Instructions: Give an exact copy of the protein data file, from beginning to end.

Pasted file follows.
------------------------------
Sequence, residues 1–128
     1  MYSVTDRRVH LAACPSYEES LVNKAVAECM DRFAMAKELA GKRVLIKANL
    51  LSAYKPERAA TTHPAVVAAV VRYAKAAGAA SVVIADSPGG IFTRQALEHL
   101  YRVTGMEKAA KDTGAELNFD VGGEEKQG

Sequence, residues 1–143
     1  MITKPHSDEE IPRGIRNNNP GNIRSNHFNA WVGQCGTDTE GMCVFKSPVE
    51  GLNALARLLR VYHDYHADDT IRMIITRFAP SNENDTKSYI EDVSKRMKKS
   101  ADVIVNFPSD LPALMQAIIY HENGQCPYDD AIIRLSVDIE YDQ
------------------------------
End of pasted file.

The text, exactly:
Sequence, residues 1–128
     1  MYSVTDRRVH LAACPSYEES LVNKAVAECM DRFAMAKELA GKRVLIKANL
    51  LSAYKPERAA TTHPAVVAAV VRYAKAAGAA SVVIADSPGG IFTRQALEHL
   101  YRVTGMEKAA KDTGAELNFD VGGEEKQG

Sequence, residues 1–143
     1  MITKPHSDEE IPRGIRNNNP GNIRSNHFNA WVGQCGTDTE GMCVFKSPVE
    51  GLNALARLLR VYHDYHADDT IRMIITRFAP SNENDTKSYI EDVSKRMKKS
   101  ADVIVNFPSD LPALMQAIIY HENGQCPYDD AIIRLSVDIE YDQ